Arson, the intentional act of setting fire to property, can result in destruction and loss of life. Oklahoma laws recognize the act of arson as a criminal offense, and a conviction can bring about serious penalties.
The nature of the property, the presence or absence of people and the offender’s intent all play a role in determining the charges and potential punishments.
In Oklahoma, first-degree arson occurs when someone sets fire to any building or occupied structure where people usually live or are present at the time of the fire. This category includes homes, hotels, apartments and more.
A conviction of first-degree arson can lead to a fine of up to $25,000 and imprisonment for up to 35 years.
Second-degree arson occurs when someone sets fire to any unoccupied building, structure or wildland areas not included in the first-degree definition. While the fire may not directly endanger lives, it can still result in significant property damage and risk to firefighters.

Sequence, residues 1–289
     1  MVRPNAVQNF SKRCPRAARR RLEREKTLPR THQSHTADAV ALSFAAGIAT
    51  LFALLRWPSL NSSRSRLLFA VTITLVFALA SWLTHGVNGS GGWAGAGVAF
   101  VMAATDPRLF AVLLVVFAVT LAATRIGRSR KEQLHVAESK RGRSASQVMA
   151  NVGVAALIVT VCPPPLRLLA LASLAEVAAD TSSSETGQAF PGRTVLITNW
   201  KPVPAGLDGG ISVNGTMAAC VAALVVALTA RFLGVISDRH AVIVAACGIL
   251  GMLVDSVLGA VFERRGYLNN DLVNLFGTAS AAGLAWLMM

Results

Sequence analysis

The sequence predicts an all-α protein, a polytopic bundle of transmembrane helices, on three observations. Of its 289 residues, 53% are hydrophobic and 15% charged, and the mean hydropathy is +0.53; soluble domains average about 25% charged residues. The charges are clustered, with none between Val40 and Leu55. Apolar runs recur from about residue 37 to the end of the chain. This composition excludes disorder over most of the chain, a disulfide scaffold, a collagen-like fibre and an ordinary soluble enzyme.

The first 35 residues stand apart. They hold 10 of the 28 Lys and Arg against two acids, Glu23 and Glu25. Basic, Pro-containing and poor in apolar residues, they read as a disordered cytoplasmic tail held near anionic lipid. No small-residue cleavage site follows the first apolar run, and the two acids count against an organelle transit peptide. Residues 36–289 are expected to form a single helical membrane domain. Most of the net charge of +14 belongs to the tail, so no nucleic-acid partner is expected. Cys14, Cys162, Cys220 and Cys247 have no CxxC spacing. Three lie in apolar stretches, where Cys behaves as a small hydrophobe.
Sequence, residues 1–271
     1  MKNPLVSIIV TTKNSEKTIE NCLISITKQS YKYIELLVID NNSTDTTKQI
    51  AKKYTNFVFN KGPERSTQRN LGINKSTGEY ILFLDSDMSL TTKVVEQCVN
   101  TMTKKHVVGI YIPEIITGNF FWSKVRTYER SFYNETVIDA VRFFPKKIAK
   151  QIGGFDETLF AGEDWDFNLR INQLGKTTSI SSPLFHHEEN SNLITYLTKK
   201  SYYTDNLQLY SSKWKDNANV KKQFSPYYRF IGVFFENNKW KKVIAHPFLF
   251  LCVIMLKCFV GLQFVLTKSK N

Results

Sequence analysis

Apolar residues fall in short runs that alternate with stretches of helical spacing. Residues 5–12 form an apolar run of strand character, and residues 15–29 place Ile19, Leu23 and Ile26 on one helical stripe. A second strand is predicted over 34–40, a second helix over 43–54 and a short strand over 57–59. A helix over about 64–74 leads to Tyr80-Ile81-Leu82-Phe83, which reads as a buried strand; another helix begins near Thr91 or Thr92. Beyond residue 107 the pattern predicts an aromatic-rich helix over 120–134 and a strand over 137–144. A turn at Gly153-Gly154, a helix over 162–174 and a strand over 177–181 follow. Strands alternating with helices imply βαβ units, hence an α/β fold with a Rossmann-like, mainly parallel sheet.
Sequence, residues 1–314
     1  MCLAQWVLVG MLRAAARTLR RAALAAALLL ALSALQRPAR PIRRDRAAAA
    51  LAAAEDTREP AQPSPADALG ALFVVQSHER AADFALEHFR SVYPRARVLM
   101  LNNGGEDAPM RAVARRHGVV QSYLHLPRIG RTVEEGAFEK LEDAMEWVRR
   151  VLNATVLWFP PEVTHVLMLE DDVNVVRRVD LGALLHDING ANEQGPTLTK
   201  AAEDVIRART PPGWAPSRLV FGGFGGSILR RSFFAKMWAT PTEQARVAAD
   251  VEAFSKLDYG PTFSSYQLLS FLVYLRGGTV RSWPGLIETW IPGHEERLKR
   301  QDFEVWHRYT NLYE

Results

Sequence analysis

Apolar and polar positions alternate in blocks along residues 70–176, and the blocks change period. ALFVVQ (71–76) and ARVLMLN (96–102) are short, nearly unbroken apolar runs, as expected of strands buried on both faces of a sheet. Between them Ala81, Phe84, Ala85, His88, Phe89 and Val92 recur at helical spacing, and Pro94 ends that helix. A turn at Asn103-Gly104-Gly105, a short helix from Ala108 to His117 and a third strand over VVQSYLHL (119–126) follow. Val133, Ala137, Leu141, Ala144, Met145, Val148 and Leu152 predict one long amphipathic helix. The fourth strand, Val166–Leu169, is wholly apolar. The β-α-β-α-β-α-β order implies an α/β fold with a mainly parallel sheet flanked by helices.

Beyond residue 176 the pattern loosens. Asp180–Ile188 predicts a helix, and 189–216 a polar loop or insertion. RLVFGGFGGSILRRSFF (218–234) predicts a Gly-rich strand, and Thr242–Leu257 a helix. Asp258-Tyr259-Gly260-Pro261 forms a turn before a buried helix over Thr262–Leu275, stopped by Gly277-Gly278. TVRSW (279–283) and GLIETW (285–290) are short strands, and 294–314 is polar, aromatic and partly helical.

A second-degree arson conviction can result in a fine of up to $20,000 and a prison sentence of up to 25 years.
Third-degree arson charges arise when someone sets fire to personal property to defraud an insurer. Examples include setting fire to a car or other personal belongings to collect insurance money.
A conviction can lead to up to 15 years in prison and a fine of up to $10,000.
Reckless burning is a lesser offense that involves setting fire to outdoor areas without intending to cause significant damage. Examples include setting fires without taking proper precautions or in violation of local burn bans.
A conviction of reckless burning can result in up to one year in jail and a fine of up to $1,000.
Understanding these distinctions helps clarify the complexity of arson law in Oklahoma.